The Infinite Roads Not Taken

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by John Zielinski

There’s a meme that frequently makes the rounds on Facebook. Taken at surface value it’s an admonition to take responsibility for your life, pull yourself up by your bootstraps and stop blaming things that aren’t working out on circumstances or other people. It all sounds so positive; so American. It’s also total BS.

The essence of the meme, if you haven’t seen it, is that your destiny is completely under your own control. Consider that for a moment. If you were born an impoverished, black female with a genetic disorder that results in physical disabilities in rural Mississippi in 1949, do you really have the same options – the same control of your destiny – as the healthy, white son of a multimillionaire born in New York City that same year? Anyone who answers “yes” has clearly bought into a fantasy. The constraints are different and that means that the options that are open to the individual are different as well. Different options mean that the available choices are different, too. You can’t choose an option that’s not available to you. There’s another angle to this as well.

Every one of us makes a multitude of decisions – choices – on a daily basis. Most of these are about trivialities. Should I have the cheeseburger for lunch or the burger without cheese? Then again, are there any genuinely trivial decisions? Each choice changes the available paths into the future.

If I choose to hit the snooze bar on the alarm clock instead of hopping right out of bed on Monday morning, the start of my day is delayed by 8 minutes. A lot can, and does, happen in 8 minutes. There can be a car or airplane crash. The weather can take a nasty turn. A crazed gunman can take a building full of hostages. Any one of those can place constraints on my choices for that day. I may not be able to take the road or flight that I had planned. I may not be able to get past flooding. The building in which I work may be inaccessible. Even if none of these things happen during the 8 minutes that I’m snoozing, fresh constraints may be put on me later. If I had left the house at my usual time traffic may have been fine, but because I left later traffic has had a chance to build to a snarl. Because of the traffic snarl I get to work almost an hour late and miss an important meeting with a potential client who wasn’t able to wait around for me. Because I missed the meeting the prospect got miffed and took his business elsewhere. Because of that my company missed out on several million dollars of revenue. Because the company lost the deal my boss sacked me. This chain continues infinitely, and it was all because of 1 small, seemingly trivial choice. It highlights that our choices affect more than just ourselves.

The choices that each of us make can, and often do, change the options that are available to other people. The man who chose to have his eyes focused on the screen of his smartphone instead of on traffic rear-ends the car in front of him. The driver of that car (that was standing still because of traffic) ends up in the hospital emergency room for an MRI that shows damage to his neck. The damage affects the ability for him to perform certain tasks for the rest of his life. He ends up unable to do the tasks associated with his job and files for disability benefits. Since those benefits are significantly less than what he was making previously there’s a cascading effect on not only his life and the lives of his dependents, but on the businesses and people who were the beneficiaries of his spending. Just another chain from a single, seemingly trivial choice. One guy chose to look at his smartphone rather than traffic.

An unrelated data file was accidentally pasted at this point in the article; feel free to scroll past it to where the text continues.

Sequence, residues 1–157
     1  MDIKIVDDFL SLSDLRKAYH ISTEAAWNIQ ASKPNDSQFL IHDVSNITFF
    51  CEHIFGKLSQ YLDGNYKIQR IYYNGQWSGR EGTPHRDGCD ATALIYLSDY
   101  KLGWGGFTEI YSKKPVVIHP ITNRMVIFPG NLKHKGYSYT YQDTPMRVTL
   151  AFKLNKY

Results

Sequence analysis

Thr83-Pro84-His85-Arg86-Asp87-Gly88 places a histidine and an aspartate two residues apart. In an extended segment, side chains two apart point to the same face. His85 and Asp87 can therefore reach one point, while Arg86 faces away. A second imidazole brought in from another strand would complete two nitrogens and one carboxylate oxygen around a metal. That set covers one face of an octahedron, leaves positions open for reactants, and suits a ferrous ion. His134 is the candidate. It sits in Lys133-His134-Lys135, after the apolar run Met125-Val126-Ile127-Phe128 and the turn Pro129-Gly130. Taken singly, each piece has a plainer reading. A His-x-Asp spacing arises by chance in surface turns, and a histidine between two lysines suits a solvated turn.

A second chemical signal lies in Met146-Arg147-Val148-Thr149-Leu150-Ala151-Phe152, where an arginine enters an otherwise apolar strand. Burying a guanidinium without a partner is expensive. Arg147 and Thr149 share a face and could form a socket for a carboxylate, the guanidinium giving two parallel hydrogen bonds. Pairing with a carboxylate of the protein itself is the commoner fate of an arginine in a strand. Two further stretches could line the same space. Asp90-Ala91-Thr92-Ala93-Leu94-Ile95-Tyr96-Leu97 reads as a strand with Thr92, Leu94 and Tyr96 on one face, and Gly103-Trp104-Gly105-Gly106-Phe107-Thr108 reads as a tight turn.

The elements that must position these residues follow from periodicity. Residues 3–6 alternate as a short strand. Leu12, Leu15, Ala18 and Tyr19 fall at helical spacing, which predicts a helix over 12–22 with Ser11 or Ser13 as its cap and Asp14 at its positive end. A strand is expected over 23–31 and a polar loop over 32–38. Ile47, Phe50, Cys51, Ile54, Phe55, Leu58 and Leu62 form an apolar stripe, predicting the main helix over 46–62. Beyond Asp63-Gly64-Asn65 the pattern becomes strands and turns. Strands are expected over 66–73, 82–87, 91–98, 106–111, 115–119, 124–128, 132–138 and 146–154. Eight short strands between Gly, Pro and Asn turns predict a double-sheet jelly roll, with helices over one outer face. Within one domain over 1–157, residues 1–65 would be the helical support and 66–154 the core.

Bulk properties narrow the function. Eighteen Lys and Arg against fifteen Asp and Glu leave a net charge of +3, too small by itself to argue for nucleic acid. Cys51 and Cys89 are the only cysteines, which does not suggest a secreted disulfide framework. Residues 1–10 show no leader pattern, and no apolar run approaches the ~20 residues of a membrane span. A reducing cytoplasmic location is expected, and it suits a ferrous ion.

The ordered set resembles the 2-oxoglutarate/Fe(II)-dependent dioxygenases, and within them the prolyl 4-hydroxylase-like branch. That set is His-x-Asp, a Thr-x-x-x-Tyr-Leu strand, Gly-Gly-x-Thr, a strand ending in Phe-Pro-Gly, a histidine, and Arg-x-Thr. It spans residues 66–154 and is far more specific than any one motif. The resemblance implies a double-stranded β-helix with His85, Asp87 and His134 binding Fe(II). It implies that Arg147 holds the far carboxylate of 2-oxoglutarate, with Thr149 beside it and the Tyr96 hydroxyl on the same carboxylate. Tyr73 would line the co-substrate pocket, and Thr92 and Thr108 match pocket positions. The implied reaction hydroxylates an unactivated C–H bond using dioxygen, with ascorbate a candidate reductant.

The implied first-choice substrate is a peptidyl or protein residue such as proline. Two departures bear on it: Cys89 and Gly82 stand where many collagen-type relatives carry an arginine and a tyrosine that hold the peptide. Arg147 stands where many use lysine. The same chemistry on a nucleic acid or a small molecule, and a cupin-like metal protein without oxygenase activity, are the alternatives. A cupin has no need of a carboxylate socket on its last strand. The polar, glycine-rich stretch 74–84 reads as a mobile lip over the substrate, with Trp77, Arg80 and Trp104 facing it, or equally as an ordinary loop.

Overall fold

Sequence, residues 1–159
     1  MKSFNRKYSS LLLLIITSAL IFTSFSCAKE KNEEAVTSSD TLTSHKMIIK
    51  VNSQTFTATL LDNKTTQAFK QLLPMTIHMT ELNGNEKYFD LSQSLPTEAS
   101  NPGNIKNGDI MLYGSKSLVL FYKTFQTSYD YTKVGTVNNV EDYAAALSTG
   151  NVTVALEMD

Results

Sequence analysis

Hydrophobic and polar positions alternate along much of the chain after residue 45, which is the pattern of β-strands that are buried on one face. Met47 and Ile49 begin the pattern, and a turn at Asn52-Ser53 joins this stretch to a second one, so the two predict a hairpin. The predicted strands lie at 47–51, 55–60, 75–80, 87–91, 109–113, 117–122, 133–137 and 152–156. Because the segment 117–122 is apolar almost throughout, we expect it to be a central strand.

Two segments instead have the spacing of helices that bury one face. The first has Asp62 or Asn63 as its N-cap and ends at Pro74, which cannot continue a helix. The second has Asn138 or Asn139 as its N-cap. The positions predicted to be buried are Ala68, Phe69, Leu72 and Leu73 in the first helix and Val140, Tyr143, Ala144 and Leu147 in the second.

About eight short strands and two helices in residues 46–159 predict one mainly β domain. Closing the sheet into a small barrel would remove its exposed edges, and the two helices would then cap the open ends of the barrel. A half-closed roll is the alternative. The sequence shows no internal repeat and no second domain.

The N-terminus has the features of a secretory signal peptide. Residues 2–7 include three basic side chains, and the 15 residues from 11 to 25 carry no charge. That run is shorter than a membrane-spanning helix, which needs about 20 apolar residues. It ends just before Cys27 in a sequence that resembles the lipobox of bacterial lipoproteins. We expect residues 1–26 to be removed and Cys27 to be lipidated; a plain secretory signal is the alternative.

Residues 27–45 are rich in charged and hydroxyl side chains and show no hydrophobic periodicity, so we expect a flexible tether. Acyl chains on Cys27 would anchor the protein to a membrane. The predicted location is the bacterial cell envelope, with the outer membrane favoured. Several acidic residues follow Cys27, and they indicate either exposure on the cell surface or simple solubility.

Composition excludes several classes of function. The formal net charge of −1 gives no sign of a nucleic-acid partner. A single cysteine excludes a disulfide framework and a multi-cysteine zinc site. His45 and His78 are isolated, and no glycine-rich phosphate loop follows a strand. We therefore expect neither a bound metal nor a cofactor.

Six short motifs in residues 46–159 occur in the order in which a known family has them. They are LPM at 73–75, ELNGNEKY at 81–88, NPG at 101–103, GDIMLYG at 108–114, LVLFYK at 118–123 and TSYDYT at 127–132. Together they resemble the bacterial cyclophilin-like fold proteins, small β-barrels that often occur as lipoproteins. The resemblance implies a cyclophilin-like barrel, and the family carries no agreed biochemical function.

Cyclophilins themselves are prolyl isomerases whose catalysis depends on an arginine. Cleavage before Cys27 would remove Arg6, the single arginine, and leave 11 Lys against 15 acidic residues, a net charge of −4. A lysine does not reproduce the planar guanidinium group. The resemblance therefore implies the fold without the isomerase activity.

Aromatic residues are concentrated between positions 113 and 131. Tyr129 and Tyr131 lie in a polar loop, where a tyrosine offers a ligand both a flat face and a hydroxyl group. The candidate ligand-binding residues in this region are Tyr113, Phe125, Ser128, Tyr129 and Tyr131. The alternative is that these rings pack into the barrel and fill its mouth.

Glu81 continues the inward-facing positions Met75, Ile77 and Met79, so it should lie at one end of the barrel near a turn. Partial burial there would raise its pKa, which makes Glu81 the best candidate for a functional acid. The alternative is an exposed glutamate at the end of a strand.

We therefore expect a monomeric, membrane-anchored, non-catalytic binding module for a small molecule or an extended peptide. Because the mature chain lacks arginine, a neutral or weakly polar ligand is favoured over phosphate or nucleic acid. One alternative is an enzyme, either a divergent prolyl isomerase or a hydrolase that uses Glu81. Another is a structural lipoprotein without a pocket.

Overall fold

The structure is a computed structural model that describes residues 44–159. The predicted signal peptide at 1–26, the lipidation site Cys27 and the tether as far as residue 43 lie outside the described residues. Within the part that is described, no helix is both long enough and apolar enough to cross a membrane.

A couple of years ago there were a number of people who decided that they were going to take a specific action to show their displeasure concerning certain events. Some of them chose to vote for a third-party candidate for president. It was a candidate who had no actual chance of winning. Some of them wrote in a candidate who also had no real chance of winning. Some of them simply chose to sit out the election and didn’t vote. These personal decisions, in some cases, had profound effects on the country as a whole.

According to some assessments, the difference between Donald Trump winning the Electoral College vote and Hillary Clinton doing the same in 2016 came down to 114,000 votes cast in specific states. Consider that for a moment. Had 114,001 people who voted third-party or who had written in a name or who didn’t bother to get out and vote for Clinton in those states simply made a different decision literally everything that’s happened since then would – yes, would not could – have been different. Would it have been better or would it have been worse? Better and worse are value judgments, so it depends on your perspective. We can say with certainty, however, that things would have been different.

And so, I go back to the meme mentioned at the beginning of this piece. No, your destiny is most definitely not completely under your own control. It’s not even mostly under your control. On the other hand, your seemingly simple decisions can have a profound effect on the lives of so many others.

Supplemental Reading:

The June 28, 1952 issue of Collier’s magazine included a short story by Ray Bradbury titled A Sound of Thunder. You may not know the story, but you know the premise. It’s about how an apparently trivial event can profoundly change the future. If you haven’t read it, you should. It may be science fiction, but it makes an important point as does all good science fiction.

A PDF version of the piece (as part of an academic exercise) is available on the web.

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